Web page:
Nepotism just isn't what it used to be
Since the deputy prime minister Nick Clegg voiced his far-fetched plans to rid the business world of the "old school tie" network, the issue of privilege has become a hot topic. Even before the start of her ill-advised stint in the jungle, Tory MP Nadine Dorries came in for some stinging criticism after hiring her daughter Philippa as her office manager.
FErret can't help but feel sorry for the poor offspring of Mad Nad - on many levels. But surely as a caring parent it isn't the worst thing in the world to give one's child a leg up on the career ladder? A report published last week by the Association of Colleges reveals that there is indeed a fate worse than being gift-wrapped a job by a well-meaning mother: having a parent who wouldn't employ you at all.
Yes, 11 per cent of the parents surveyed by the AoC confessed that they wouldn't give a job to their own child. The most common reasons cited by the disloyal dads and malevolent mums were that their child was not "work-ready", would not be able to get their work done in time, lacked general motivation or was, quite simply, bone idle.
But while Philippa Dorries is seemingly not guilty of any of these offences, her mum undoubtedly is. After abandoning her day job to swan off to the other side of the world and munch insects alongside Z-list celebrities, FErret wouldn't even give her an interview.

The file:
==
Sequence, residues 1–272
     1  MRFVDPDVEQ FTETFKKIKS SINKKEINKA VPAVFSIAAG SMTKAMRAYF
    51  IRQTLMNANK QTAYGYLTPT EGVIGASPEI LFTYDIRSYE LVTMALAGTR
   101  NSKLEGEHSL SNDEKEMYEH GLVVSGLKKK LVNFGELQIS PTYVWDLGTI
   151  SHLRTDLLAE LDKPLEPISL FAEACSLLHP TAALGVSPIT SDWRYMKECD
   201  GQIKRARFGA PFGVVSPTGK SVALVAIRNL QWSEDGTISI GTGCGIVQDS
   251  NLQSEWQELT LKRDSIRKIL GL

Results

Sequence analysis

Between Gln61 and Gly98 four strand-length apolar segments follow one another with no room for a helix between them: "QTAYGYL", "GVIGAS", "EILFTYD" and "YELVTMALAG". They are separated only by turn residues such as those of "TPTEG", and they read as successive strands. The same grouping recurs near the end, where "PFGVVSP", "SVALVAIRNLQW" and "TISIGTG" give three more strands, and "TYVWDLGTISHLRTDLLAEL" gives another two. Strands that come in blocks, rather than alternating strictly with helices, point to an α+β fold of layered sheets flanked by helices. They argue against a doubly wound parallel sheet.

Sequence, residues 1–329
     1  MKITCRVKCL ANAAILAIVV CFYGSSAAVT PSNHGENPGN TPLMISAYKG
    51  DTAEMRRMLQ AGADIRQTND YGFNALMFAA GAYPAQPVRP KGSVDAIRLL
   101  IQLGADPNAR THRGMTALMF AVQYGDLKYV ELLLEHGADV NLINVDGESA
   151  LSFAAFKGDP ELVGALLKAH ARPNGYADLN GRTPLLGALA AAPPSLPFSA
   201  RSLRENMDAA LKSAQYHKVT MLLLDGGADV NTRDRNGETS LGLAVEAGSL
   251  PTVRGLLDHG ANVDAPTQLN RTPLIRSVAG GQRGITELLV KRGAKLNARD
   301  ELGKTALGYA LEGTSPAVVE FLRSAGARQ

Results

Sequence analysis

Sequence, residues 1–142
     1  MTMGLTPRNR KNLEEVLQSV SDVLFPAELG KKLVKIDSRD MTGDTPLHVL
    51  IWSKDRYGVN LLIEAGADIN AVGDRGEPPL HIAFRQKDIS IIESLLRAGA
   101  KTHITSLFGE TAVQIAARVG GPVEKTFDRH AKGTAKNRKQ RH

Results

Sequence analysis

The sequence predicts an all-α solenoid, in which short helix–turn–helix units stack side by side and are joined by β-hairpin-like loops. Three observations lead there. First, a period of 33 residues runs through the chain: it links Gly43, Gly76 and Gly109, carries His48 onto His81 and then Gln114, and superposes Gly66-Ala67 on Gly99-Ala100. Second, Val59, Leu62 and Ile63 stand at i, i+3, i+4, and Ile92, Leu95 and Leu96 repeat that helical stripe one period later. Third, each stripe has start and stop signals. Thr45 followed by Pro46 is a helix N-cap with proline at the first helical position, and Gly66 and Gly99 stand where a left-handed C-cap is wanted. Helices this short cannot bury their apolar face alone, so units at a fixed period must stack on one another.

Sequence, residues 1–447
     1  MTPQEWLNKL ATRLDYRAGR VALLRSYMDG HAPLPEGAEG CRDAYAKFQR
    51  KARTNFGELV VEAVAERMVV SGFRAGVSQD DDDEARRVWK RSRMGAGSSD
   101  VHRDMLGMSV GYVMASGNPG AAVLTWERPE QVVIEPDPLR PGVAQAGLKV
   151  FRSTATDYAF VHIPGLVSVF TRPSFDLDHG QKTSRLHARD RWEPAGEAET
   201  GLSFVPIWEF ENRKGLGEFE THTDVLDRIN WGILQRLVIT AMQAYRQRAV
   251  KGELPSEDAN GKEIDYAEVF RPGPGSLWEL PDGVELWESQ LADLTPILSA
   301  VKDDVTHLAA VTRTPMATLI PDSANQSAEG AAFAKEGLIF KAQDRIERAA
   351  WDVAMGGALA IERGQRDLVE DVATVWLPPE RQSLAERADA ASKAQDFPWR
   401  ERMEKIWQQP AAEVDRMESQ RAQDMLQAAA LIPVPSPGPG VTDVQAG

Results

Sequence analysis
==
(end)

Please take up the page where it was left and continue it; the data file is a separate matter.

What a difference a day makes for funding
When is a year not a year? When you're the Skills Funding Agency, it would seem. The decision to ensure that apprenticeships for 16- to 18-year-olds last at least a year has been widely welcomed. But toss those Gregorian calendars away: as far as the SFA is concerned, a year is not 365 days. It's 366.
If you're feeling confused, the Information Authority - which governs the collection and use of FE data - can explain. "Apprentices must be in learning for at least 365 days. This means that for a 16- to 18-year-old apprentice the minimum period on the apprenticeship must be 366 days." Got that? Good. Because if you're offering an apprenticeship that lasts a measly 365 days, you won't receive any funding at all.